“What’s going on, you two?” Mama asks, walking through the sand behind me. She’s barefoot, her own sandals dangling from her fingers. On her arm are the beaded bracelets Peach made for her, all different colors. I’ve got five stacked up on my wrist too, and I’m pretty sure at least two of Peach’s own bracelets are floating out into the open sea by now.
“She’s swimming,” I say, motioning to my sister.
“I’m not swimming,” Peach says.
“And bleeding,” I say.
“I am not, Hazey!” she screeches, fists clenched.
Mama splashes into the water before bending down to inspect the cut. “You’re fine, Peach Fuzz. Don’t go any deeper, though—this water is freezing.”
Peach nods and continues skipping through the sea.
“Mama,” I say.
She doesn’t say anything. She just walks back toward me, her pale legs wet and goose-pimply, and settles on the sand.
“Calm down, Hazel,” she says softly. “Sit down. Try to relax.”
I sit down, but I definitely don’t relax. Lately, it seems like Calm down, Hazel is constantly coming out of Mama’s mouth. All those words do is make me feel even more keyed up, like something’s wrong with me and I can’t even do the most basic, easiest things.
“Did you finish?” I ask Mama to get my mind on other things.
In every new town, Mama sets up the kitchen while I make all the beds and start our laundry. Back in California, Mama and Mum shared all the housework, even though Mum taught visual art at the university and Mama worked from home as a writer. Now that Mum’s gone, it’s up to me to take up the slack. I taught Peach how to wipe down the bathroom sinks, though I won’t let her touch a toilet.
“All finished,” Mama says, brushing some sand off her knee. “You?”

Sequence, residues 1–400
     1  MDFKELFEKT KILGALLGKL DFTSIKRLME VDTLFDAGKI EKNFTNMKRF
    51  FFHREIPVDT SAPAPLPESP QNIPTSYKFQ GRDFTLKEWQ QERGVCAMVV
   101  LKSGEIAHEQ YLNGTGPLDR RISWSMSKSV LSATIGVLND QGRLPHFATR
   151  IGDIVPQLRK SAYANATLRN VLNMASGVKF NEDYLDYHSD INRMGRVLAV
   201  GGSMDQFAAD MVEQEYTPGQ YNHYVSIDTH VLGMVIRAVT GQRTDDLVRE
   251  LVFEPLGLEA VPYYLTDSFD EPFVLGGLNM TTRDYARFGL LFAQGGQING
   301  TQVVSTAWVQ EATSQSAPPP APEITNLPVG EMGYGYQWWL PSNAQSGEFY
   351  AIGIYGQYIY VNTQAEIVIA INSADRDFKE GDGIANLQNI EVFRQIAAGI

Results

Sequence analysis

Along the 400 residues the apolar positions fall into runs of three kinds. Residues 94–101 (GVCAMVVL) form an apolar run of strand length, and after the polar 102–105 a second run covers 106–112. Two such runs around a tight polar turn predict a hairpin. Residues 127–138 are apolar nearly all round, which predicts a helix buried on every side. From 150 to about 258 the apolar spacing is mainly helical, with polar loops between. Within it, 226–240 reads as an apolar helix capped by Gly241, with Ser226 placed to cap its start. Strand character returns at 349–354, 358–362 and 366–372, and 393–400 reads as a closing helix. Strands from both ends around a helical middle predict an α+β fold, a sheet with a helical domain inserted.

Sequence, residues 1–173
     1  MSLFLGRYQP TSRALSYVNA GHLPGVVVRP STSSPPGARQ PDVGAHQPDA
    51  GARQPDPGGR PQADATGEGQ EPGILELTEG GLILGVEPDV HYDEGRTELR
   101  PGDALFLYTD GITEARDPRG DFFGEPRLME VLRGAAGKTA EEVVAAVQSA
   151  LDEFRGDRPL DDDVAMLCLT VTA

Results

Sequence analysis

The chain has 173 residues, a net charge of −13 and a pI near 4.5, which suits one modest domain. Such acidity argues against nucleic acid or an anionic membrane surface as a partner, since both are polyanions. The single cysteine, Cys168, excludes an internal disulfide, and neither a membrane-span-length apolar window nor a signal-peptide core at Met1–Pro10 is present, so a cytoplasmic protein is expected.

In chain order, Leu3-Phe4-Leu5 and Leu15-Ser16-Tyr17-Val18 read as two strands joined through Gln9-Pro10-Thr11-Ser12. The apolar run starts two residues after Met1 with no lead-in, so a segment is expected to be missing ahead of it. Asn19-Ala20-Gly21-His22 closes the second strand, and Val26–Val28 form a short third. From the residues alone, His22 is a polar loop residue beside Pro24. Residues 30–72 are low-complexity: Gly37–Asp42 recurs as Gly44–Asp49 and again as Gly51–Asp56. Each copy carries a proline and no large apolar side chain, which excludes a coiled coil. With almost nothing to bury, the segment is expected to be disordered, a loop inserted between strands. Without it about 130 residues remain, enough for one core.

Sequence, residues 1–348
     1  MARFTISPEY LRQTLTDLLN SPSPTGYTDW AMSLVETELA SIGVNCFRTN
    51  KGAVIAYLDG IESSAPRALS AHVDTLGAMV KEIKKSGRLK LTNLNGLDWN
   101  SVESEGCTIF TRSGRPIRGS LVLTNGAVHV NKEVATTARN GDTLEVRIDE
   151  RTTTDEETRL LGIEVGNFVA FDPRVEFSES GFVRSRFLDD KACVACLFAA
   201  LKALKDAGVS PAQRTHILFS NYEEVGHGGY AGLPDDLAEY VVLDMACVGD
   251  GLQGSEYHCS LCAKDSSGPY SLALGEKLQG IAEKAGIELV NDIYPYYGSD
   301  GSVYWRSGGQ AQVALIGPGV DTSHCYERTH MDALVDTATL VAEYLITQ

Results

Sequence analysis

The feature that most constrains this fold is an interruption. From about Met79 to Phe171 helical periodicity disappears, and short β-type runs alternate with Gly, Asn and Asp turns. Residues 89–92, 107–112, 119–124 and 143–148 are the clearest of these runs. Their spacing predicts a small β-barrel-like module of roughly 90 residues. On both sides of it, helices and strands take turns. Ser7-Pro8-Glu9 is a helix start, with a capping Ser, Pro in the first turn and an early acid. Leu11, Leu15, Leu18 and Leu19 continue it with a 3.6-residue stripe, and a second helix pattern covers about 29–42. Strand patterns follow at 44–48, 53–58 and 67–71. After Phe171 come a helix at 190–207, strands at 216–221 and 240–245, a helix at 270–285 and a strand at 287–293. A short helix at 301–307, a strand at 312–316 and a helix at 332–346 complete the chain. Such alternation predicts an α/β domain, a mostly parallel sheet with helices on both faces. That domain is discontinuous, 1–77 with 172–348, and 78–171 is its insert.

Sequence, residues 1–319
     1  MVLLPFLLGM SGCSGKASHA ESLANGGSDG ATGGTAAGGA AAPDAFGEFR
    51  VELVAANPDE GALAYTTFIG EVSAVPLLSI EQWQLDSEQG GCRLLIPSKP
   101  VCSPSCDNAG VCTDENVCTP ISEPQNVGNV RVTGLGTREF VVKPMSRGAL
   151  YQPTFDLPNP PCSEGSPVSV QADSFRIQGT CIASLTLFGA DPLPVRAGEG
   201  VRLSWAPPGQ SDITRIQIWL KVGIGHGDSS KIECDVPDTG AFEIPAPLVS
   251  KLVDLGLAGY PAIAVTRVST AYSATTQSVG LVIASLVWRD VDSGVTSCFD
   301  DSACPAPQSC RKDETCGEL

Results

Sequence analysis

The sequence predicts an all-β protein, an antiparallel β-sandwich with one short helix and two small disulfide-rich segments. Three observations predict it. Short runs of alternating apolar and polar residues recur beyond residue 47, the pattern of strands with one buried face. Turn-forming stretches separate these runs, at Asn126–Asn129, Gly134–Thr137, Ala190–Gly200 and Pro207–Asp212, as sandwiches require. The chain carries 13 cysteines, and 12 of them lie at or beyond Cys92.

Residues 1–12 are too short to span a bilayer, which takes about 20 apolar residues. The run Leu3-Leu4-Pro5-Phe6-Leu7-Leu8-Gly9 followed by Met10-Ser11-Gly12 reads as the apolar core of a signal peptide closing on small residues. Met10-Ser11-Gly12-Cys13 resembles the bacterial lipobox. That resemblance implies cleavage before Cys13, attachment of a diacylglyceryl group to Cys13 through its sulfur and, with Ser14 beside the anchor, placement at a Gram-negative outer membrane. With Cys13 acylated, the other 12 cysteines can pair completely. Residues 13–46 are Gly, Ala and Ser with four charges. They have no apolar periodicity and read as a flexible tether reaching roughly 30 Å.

“Yeah. Peach needs some new jeans. Both pairs have holes in the knee.”
“How long did those last? A month?”
She laughs. “I’ll pick some up in town this week.”
“I can get them,” I say. I always pick out Peach’s clothes. At least I have for the past two years, usually on a trip to Target while Mama browses the books. “Just give me some money and I’ll—”
“I’ll do it, Hazel,” Mama says. She tilts her head at me, eyes soft but narrowed. “Okay?”
I nod and look away, my throat feeling thicker by the minute.
“Whee!” Peach yells, splashing toward us. “I love this ocean, Mama!”
“I’m glad, baby girl. No swimming without me or Hazel, okay?”
Peach nods, and that is the extent of the water warnings. Mama stands up and swipes the sand from her cutoffs. “Ready to explore the town a little? I thought we’d go out to dinner and save the grocery shopping for tomorrow.”
“Okay,” I say, even though exploring the town is always my least-favorite part of moving to a new place. At least with grocery shopping, I have a purpose. Exploring leaves too many variables up to chance, too many people to deal with I wasn’t expecting, too many obstacles. I stand and make sure my Safety Pack is tight around my waist.
“Let’s go get you into some dry clothes, Peach Fuzz,” Mama says, lifting Peach out of the surf. Her shorts are drenched up to the pockets. Mama reaches out her free hand to tuck my hair behind my ears. Her fingers skim over my scars, a thick silver explosion across my left cheek like the branches of a leafless tree. I’ve got little white marks on other parts of my face and left arm, too, grain-sized nicks here and there left over from the kayaking accident.
She doesn’t say anything about them, though.
She never does.
When she touches them like this, I don’t think it’s on purpose. Every now and then, Peach counts my scars when we’re snuggled in bed at night. She gets a different number every time. She was three when Mum died, so I don’t know how much she even remembers. I barely remember anything from when I was three—hazy pictures in my head of me and Mum and Mama at the park near our house, Mum pushing me along on a yellow tricycle while Mama snapped pictures.
Still, it’s a relief when Peach asks about my scars, when she sees them, whispering questions at night about the mom who looked like me, the mom who gave her Nicholas. I tell her things like how Mum could climb the rocky crags in Lassen National Park just like a spider. How she was allergic to strawberries and hated chocolate. How she used to stick baby Peach in a carrier on her back while we all hiked near Point Reyes by the coast. Some days, the fog would be so thick I couldn’t even see right in front of me. I’ll even tell her about Mama, the Mama I used to know, the one who couldn’t walk by me without kissing the top of my head or giving me a quick hug, the one whose favorite Saturday activity was curling up with me on the couch wrapped in a big quilt and reading for hours.